Chief Justice Roberts voted with the majority to invalidate the sentence. But he took a narrower view. He rejected the majority's absolute rule as contrary to the Court's precedents, and because it eliminated the possibility that life without parole might well be appropriate for more serious crimes.
He also rejected the dissenter's view that such a sentence was acceptable in this case. For Roberts, the offender's youth and immaturity, the nature of the crime (a non-homicidal, non-domicil, armed burglary), and the "extraordinarily severe punishment imposed"--together rendered the sentence unconstitutionally excessive.
Church and State
In this very divisive case, about a seemingly very minor matter, Justice Kennedy authored the opinion for a very splintered Court. In short, in order to avoid possible church and state problems, Congress enacted a law transferring a parcel of federal property upon which stood a Christian cross--and which was situated within national park land--to private ownership.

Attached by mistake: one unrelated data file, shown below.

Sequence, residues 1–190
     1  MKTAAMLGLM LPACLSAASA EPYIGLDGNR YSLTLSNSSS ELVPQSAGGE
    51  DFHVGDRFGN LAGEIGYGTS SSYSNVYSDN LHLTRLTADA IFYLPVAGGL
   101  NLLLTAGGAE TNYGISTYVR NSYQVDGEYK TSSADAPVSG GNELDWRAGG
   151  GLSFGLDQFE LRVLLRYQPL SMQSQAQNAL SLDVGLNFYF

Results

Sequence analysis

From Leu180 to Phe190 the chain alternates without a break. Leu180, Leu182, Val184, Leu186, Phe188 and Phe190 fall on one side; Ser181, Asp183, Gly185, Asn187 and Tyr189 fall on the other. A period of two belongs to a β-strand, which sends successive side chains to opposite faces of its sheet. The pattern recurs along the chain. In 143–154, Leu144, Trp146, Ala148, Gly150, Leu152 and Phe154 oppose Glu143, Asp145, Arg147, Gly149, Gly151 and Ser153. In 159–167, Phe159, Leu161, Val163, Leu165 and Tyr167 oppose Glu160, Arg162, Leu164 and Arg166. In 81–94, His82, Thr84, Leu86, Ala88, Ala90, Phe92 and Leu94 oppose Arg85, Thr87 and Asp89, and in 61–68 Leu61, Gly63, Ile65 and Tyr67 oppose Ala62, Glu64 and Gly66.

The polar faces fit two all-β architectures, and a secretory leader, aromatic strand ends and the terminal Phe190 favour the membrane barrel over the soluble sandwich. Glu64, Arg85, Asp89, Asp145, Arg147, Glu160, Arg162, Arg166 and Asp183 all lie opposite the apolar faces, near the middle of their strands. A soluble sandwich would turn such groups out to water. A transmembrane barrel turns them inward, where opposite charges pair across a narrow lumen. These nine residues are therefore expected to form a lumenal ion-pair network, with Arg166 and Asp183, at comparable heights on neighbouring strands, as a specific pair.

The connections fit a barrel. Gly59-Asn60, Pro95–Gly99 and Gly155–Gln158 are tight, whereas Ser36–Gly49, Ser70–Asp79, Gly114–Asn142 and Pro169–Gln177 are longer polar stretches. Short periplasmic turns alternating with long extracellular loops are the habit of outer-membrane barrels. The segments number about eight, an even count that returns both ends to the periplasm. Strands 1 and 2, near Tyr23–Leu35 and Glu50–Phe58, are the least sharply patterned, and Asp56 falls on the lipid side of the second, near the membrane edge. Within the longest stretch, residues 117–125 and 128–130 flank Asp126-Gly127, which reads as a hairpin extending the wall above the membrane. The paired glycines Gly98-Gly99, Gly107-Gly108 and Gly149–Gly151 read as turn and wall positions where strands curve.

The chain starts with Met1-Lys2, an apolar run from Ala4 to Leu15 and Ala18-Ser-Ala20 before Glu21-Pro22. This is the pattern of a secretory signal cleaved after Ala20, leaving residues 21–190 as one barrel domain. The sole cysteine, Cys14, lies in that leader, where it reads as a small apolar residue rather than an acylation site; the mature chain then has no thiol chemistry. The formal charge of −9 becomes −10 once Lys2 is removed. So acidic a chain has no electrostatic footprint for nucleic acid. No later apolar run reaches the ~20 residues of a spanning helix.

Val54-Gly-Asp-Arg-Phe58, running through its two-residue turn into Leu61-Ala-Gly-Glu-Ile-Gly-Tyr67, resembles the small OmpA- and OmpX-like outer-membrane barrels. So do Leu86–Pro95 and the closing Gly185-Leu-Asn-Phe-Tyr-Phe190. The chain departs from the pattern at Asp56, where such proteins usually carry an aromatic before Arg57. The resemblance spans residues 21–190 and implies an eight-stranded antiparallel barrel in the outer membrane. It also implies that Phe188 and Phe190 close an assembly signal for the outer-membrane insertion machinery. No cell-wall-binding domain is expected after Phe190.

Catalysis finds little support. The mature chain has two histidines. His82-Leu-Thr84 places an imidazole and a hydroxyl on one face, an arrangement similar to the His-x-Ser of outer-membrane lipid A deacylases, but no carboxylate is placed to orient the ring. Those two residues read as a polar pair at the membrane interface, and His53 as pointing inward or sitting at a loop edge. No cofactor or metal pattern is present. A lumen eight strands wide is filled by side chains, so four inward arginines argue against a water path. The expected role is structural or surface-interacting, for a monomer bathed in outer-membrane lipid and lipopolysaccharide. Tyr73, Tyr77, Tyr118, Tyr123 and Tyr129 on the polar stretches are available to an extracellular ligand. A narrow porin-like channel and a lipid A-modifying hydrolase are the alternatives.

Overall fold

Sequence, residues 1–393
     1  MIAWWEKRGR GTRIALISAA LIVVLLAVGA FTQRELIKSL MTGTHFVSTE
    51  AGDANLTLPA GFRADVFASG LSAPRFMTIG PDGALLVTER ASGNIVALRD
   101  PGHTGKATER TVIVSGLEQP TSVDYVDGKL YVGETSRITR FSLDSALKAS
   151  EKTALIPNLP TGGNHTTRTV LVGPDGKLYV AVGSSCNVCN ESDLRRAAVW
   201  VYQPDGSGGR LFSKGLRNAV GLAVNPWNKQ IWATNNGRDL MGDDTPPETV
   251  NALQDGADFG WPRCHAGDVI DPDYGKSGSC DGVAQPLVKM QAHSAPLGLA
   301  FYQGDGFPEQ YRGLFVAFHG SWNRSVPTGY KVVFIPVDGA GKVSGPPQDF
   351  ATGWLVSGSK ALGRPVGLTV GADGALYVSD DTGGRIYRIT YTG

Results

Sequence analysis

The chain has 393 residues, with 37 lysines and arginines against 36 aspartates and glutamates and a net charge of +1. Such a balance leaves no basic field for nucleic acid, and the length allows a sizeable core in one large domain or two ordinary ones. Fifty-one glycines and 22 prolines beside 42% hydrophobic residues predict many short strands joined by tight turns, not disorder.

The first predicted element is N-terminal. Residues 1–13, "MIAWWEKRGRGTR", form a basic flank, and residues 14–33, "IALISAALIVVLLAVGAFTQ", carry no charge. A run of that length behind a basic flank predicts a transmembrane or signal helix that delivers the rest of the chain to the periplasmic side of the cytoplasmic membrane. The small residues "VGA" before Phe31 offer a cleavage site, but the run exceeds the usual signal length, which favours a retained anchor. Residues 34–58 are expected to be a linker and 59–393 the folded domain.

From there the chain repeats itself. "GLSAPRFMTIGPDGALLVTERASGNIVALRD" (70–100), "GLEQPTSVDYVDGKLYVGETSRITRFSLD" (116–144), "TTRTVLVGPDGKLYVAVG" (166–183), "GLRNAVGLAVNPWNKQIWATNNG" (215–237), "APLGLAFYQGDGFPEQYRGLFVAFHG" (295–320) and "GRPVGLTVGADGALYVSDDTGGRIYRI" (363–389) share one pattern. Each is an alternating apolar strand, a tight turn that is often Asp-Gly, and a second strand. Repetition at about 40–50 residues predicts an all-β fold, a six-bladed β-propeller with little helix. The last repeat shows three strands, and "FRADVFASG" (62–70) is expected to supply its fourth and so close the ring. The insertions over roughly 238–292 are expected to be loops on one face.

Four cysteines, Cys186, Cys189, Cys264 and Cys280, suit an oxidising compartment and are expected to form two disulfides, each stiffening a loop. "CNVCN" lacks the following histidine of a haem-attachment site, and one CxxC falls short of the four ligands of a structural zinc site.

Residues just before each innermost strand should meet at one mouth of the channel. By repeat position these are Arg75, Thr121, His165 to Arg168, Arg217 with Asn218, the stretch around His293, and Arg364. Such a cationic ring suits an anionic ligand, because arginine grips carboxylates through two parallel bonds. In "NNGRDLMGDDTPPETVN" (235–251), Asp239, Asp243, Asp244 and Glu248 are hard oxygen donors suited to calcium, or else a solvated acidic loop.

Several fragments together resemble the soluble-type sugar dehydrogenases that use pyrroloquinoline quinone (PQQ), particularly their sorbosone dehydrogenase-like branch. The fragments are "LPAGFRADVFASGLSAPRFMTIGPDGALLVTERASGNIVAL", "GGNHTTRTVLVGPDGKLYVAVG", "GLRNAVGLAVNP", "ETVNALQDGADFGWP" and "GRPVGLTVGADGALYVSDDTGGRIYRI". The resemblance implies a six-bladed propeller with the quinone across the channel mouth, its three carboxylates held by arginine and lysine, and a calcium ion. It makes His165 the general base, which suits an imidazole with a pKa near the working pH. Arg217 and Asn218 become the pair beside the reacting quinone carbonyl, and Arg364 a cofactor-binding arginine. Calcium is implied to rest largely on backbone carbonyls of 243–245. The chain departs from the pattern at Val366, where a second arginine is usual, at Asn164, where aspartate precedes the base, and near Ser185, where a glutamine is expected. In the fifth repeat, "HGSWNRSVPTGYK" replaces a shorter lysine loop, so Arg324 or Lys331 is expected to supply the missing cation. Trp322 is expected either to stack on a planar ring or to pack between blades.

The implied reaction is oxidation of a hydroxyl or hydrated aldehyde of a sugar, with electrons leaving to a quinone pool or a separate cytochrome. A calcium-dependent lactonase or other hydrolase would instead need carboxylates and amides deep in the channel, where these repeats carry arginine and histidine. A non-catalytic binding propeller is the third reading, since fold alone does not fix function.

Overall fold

The Court upheld the law. Kennedy said that the government was not endorsing Christianity. It was merely accommodating the public's acknowledgement of religion's role in society.
The Court's most conservative Justices, Scalia and Thomas, voted with Kennedy, but had their own reasons for the outcome. They insisted that the courts should not even be involved, because there was no "actual or imminent injury" suffered in the case.
All 4 liberal Justices voted to enforce the order of the federal trial court that had found the government in violation of the Establishment Clause. In the view of that court, adopted by these 4, both the cross on government property and the government's efforts to save the cross by transferring the land “convey[] a message of endorsement of religion” to “a reasonable observer.” To the liberal dissenters, that is clearly prohibited by the 1st Amendment.